Stress vs. The Relaxation State, and How to Get in One

Some days you can hang out around the house spending quality time with the family and not have a care in the world. Other days, your mind seems to be racing and nearly everything that’s occurred over the course of the day has only made you feel worse.

Workplace stress or financial stress are two of the biggest causes of stress, although I will add caregiving stress since this has been on my plate for the last several months with aging parents who have been recovering from hip fractures. Whatever the cause of one’s stress, it is not a state to remain in as it causes havoc emotionally, mentally, and physically.

This is because the body has two major states: A stress state and a relaxation state. Depending on which state you’re currently in, your physical, mental and emotional states will all be vastly different. So, let’s go over what you might experience in each of these states.

What is the stress state?

From a neuroscience perspective, when you’re in the stress state, you’re in a state of constant alert- your nervous system constantly has the “fight-or-flight” mode activated and your body and mind are both on edge just waiting for the next “dangerous” event to occur.

With extra adrenaline pumping through your body, you might notice that your heart is racing and that your blood pressure has skyrocketed. You might even begin to feel some tension building up throughout your body, whether that’s in your muscles, joints, or in the form of a headache.

You could even make yourself physically sick in the form of nausea, stomach cramping, or even more susceptible to common illnesses, such as a cold or flu or other severe health problems. And forget about sleeping, because the stress and anxiety are even more relentless at night.

Mentally, you might not be able to focus as well as you normally would. Your thoughts are racing and it seems like your mind is bouncing around to 20 different ideas in a span of only a few minutes, and it seems as if there’s nothing that you can do to calm it.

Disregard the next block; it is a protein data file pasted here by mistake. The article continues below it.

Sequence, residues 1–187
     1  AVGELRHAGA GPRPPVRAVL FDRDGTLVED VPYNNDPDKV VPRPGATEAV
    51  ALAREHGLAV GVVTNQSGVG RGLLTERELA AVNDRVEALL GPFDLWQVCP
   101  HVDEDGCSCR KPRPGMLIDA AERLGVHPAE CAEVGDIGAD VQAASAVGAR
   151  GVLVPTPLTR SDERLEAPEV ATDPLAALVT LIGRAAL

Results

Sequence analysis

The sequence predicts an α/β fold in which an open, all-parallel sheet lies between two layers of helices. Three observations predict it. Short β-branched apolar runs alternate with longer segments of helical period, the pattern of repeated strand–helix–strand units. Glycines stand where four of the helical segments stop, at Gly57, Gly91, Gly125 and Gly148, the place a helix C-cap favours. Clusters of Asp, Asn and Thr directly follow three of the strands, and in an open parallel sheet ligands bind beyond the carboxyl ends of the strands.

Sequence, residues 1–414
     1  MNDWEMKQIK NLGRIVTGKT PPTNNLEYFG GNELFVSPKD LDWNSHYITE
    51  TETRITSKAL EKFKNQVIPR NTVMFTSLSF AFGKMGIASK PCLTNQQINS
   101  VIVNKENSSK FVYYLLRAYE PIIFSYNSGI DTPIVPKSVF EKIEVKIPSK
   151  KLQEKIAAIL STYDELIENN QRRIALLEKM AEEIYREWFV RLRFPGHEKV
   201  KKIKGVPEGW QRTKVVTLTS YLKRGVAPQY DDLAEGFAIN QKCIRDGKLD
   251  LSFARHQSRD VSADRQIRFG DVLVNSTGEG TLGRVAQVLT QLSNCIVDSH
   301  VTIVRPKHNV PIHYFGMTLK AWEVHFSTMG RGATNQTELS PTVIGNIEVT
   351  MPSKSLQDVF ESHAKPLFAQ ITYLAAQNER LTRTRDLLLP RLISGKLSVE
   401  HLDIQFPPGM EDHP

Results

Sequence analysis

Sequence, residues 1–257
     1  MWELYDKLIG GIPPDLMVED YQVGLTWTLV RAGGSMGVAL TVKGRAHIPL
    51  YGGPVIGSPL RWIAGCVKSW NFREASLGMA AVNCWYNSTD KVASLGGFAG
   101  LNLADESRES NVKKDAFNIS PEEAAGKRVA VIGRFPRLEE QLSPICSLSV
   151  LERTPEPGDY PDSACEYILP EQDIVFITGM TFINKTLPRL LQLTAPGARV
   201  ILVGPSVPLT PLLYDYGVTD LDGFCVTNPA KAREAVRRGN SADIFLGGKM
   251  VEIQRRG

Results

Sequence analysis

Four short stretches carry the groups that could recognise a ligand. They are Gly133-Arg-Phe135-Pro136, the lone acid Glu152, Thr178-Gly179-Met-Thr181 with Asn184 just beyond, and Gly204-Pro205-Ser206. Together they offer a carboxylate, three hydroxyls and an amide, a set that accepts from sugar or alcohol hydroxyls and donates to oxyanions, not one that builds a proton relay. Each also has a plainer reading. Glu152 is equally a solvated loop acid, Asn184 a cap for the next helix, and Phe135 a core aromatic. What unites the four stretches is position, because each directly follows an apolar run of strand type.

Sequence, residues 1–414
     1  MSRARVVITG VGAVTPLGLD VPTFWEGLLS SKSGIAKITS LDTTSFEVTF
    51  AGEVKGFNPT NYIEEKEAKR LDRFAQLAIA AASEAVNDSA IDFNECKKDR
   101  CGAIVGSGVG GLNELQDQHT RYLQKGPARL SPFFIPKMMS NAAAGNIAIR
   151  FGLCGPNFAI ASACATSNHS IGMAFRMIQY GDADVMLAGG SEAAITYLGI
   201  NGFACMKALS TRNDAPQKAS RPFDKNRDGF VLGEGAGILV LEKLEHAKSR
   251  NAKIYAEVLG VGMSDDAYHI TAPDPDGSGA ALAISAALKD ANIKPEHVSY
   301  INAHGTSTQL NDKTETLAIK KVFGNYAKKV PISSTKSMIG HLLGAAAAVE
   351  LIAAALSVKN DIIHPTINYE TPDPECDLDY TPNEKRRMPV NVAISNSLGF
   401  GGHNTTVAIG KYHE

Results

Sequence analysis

You might snap at people when they approach you and have a lower tolerance for what you’re able to “put up with” during the day. It seems as if the smallest things will set you off, even though you’re usually pretty calm.

What is the relaxation state?

Likewise, being in the relaxation state involves having relatively low physical and mental tension flooding through your body. If you had to describe how you were feeling, you could probably describe it as “calm.”

Unlike the stress state, your blood pressure and heart rate are both within healthy ranges and, in fact, might be lower than they normally are. That’s because you have far less cortisol (the stress hormone) pumping through your body, which helps to physically put your body at ease.

When you’re relaxed, you might notice that any physical pain or muscle tension that has built up over the last several weeks is either less severe or completely gone. Your body seems to be functioning normally and you just feel better than ever.

You can finally get to sleep at night and your stomach and head no longer ache at the thought of going to work, school, or any major event. You’re much easier to associate with and people aren’t afraid to approach you in fear of how you will react.

You can tackle those big projects at work without fretting over every single task involved because you don’t feel as overwhelmed. Plus, you’re more likely to see the positives in even the worse situations that are going on around you.

Final Thoughts

Knowing the difference between these two states will help you to identify when you are under stress and the physical symptoms you may experience; this way, you can take some type of action to relieve the stress when those first signs/symptoms appear. Also, be aware that it may be difficult to get in a relaxed state if you’re under stress for a long time, as the body gets primed to be in it. It is natural for your body to fluctuate between the stress and relaxation state depending on what’s going on in your life physically, mentally, and emotionally. Even good stress (Eustress) will bring physical symptoms but can lead to some of the effects mentioned.

Though you can’t entirely prevent the stress state from coming on, as the fight-or-flight response can activate involuntarily,  you can put in the effort to identify your stressors and develop healthy coping strategies. Work to get in a relaxed state – deep breathing is best, positive affirmations, meditation, journaling – these are just a few ways to do so. One more to add, cliché as it is (but does have healing properties) is to take a relaxing bath, ala ‘Calgon take me away!’

If you are experiencing high-levels of stress, or prolonged stress, and want to learn how to relax and develop healthy coping strategies, reach out to learn more. You don’t have to suffer – get started today!

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